An analysis of an ancient galaxy reveals some of the most distant and massive star formation regions ever seen.
When the Atacama Large Millimeter/submillimeter Array (ALMA) first imaged the warped galaxy called SDP.81 in the depths of space, the detail and geometry of this beautiful quirk in spacetime captivated the world.
The galaxy, which was forming in the first billion years after the Big Bang, is one of the finest examples of an Einstein ring captured to date.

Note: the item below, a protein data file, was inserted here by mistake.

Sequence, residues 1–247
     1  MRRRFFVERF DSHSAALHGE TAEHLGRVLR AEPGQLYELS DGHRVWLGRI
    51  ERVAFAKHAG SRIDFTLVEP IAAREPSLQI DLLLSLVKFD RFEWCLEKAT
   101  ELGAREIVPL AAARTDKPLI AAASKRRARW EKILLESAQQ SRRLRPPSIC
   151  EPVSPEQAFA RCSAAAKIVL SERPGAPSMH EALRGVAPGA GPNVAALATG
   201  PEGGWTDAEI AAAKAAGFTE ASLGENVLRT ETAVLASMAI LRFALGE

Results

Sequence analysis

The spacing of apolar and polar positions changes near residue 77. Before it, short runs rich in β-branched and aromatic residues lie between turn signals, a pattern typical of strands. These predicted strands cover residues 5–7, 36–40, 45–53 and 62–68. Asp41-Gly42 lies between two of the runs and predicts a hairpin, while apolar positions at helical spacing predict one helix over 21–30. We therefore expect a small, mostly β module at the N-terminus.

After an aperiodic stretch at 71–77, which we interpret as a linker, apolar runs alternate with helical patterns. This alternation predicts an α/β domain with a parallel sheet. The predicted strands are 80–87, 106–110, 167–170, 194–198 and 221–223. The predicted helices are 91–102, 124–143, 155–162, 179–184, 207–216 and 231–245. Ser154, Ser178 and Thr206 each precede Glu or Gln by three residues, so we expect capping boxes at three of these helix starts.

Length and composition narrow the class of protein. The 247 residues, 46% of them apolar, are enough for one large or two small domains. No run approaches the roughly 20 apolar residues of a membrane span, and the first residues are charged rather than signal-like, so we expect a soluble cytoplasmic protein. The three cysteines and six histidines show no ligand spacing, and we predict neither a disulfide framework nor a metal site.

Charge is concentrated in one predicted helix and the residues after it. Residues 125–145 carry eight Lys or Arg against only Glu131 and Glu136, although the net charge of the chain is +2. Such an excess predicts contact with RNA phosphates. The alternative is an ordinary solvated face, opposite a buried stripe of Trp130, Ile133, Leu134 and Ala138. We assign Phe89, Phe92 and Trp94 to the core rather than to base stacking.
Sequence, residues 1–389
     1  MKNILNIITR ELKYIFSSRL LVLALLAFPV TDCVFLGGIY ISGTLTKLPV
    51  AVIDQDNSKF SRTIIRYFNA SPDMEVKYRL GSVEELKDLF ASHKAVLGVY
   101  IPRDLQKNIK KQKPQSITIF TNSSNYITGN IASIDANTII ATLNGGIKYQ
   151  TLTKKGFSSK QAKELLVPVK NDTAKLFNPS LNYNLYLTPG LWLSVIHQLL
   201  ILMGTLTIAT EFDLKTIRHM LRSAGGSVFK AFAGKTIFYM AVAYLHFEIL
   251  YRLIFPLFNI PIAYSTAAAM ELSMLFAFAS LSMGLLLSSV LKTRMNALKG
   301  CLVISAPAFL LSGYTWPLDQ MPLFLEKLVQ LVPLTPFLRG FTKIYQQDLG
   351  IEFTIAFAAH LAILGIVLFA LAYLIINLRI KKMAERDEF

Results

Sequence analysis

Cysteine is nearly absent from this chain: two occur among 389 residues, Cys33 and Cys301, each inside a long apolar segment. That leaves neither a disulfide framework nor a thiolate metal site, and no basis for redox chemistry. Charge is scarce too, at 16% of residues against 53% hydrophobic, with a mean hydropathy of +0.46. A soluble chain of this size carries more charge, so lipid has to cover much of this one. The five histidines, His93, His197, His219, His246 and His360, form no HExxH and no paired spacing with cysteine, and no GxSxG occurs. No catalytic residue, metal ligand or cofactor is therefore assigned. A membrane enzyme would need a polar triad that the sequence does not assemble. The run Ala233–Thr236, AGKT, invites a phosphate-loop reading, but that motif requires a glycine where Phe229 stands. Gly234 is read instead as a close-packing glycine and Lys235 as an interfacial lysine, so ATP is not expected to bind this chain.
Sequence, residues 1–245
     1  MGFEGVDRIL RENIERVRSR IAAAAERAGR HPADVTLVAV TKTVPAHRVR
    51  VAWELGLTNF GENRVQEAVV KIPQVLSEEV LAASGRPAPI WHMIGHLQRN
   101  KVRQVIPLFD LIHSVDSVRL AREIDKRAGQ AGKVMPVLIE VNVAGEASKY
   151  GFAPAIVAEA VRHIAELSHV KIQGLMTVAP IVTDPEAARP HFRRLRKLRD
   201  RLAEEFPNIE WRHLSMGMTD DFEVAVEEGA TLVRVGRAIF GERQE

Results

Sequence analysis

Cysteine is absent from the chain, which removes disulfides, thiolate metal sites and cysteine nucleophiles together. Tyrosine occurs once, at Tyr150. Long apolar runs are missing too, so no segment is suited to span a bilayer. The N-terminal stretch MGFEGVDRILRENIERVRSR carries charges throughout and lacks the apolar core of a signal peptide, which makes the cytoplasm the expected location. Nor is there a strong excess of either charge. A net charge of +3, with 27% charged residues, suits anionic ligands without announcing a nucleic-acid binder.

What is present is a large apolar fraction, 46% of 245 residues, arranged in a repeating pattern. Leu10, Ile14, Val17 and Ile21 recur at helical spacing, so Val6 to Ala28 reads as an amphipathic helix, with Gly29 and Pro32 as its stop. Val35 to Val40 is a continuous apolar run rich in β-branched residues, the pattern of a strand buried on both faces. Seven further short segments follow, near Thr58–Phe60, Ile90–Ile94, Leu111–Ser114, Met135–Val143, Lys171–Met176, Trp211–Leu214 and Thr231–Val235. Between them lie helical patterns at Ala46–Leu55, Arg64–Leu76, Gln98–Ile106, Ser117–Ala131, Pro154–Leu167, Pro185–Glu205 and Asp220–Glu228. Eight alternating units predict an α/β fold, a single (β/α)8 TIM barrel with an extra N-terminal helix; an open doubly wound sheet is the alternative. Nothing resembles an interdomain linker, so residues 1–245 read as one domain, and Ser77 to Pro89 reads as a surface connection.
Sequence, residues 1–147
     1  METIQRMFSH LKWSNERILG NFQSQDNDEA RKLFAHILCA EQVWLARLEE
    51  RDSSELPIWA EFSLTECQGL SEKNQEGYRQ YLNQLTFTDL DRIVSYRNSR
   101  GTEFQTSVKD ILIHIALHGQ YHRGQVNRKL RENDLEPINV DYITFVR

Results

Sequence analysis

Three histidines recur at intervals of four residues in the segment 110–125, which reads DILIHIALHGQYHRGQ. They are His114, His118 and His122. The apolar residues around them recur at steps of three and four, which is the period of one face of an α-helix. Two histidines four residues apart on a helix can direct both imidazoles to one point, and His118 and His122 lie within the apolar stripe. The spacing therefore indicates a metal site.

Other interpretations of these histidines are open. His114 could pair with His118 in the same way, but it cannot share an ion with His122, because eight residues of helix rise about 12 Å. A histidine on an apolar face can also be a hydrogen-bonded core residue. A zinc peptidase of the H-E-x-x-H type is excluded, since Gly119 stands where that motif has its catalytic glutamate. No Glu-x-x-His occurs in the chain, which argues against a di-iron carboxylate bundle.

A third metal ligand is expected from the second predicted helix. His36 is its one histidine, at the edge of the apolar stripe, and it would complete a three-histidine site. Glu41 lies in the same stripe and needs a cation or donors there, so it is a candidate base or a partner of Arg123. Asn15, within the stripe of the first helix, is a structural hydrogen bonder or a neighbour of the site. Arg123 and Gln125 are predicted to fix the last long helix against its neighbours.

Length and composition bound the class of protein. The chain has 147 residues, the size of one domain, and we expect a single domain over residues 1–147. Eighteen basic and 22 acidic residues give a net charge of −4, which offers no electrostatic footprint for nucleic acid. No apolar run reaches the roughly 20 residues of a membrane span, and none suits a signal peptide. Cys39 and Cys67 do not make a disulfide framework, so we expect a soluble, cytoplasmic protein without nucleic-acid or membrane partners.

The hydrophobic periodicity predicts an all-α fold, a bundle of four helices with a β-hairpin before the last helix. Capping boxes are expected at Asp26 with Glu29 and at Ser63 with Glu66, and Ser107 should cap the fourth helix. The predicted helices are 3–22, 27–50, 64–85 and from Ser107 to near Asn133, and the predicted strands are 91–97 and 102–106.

“The reconstructed ALMA image of the galaxy is spectacular,” says Rob Ivison, the European Southern Observatory’s Director for Science and co-author on two recent papers based on SDP.81.
“ALMA’s huge collecting area, the large separation of its antennas, and the stable atmosphere above the Atacama Desert all lead to exquisite detail in both images and spectra,” says Ivison.